It is now reported that non-motor features, cognitive and affective problems, are becoming a major factor in essential tremor (ET). The aim of this study was to investigate the prevalence of cognitive and affective dysfunction in ET and to prospectively follow-up changes in the subjects.
Fifty-two persons over the age of 50 years were recruited from the Movement Disorder Clinic. The subjects underwent baseline neurological, cognitive, and mood assessments and repeat assessment 2 years later.
The mean age was 68 years, with an average age of ET onset of 55.8 years and with a mean disease duration of 11.7 years. At initial cognitive assessment using various instruments and the Clinical Dementia Rating Scale, 69.2% had mild cognitive impairment (MCI). There were disturbances in phonemic fluency, verbal memory, concentration, and semantic fluency; 25% suffered from anxiety and 17.6% from depression. During the 2 years there was an annual 8.4% conversion rate to dementia, with all convertors initially suffering from MCI. Another 25% converted from no initial cognitive impairment to MCI within 2 years. At follow-up the same percentage was still suffering from anxiety.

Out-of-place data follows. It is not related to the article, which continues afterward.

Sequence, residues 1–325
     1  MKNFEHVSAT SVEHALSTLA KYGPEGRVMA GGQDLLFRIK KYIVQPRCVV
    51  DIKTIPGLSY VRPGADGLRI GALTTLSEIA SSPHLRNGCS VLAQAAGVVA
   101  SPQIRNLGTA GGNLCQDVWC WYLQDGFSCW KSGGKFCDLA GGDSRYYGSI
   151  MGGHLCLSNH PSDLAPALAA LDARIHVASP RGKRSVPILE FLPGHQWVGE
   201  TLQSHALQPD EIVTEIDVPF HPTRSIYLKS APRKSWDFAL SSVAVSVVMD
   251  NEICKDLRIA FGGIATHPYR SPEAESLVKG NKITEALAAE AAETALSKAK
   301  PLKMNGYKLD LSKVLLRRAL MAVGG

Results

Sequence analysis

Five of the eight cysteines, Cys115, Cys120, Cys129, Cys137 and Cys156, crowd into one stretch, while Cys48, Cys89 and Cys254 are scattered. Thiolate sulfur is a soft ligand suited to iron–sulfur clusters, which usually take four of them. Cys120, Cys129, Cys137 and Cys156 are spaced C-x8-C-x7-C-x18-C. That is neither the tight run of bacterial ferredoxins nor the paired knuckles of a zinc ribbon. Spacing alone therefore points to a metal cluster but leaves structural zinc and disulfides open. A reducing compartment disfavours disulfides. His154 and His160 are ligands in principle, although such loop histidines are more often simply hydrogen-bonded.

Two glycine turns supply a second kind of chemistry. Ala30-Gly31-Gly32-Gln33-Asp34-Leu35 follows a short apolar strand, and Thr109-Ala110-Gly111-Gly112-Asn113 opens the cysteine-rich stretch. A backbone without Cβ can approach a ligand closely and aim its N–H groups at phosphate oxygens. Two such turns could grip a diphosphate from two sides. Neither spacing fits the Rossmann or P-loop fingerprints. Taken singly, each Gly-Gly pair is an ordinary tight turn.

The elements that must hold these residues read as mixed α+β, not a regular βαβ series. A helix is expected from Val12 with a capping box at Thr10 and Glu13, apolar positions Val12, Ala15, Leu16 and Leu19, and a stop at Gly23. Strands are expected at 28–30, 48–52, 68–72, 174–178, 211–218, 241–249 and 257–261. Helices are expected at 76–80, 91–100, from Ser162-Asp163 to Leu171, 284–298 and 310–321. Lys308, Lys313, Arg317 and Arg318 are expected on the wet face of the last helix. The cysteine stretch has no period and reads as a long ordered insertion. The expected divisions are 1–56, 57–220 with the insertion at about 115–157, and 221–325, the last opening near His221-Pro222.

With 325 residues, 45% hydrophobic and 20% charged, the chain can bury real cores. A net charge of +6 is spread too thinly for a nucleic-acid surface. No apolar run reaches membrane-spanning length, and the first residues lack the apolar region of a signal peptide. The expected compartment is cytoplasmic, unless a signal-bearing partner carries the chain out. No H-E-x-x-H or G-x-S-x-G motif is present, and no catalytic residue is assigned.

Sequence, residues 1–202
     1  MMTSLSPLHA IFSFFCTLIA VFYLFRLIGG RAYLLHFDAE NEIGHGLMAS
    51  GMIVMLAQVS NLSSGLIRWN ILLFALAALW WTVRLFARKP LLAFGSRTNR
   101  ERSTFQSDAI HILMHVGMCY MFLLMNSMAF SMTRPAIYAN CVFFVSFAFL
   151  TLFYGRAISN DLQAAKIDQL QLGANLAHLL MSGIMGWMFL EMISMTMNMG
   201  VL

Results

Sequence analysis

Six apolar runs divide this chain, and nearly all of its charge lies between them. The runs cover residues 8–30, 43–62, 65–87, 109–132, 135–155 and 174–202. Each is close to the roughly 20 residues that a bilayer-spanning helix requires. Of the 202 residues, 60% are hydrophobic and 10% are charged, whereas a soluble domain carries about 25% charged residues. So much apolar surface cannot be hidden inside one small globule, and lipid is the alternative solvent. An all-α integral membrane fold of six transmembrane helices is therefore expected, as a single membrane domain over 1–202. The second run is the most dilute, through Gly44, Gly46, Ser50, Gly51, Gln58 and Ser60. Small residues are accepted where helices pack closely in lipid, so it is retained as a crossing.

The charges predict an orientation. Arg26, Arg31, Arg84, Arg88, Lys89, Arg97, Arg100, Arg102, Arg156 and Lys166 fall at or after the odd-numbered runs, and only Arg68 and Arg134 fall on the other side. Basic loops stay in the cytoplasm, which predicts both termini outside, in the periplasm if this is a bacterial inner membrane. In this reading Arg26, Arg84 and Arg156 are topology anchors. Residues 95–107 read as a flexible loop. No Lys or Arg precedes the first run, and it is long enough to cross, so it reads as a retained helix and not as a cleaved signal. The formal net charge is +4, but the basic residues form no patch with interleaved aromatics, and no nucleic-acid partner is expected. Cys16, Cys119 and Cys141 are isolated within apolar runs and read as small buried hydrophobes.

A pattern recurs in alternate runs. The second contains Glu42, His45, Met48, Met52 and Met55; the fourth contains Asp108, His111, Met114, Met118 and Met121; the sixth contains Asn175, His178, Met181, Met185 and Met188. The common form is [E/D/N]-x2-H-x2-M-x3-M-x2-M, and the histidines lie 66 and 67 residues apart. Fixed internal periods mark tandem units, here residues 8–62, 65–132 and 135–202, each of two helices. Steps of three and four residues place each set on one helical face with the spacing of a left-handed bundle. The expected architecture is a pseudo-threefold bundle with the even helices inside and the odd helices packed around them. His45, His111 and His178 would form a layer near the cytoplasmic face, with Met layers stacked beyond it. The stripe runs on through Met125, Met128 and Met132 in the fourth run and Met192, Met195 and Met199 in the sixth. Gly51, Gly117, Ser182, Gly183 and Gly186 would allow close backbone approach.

The study confirms our hypothesis that ET patients suffer from MCI and anxiety. Though a control group was not used, the conversion rates for patients without ET and with/without MCI are known. The uniqueness of this study is that at follow-up, those with ET and MCI had a similar conversion rate to dementia to those suffering from MCI only. Additionally, persons with ET and no initial cognitive impairment were found to be at greater risk for developing MCI than the normal population. Clinicians must increase their awareness of cognitive impairment and anxiety in persons with ET and begin immediate treatment when indicated.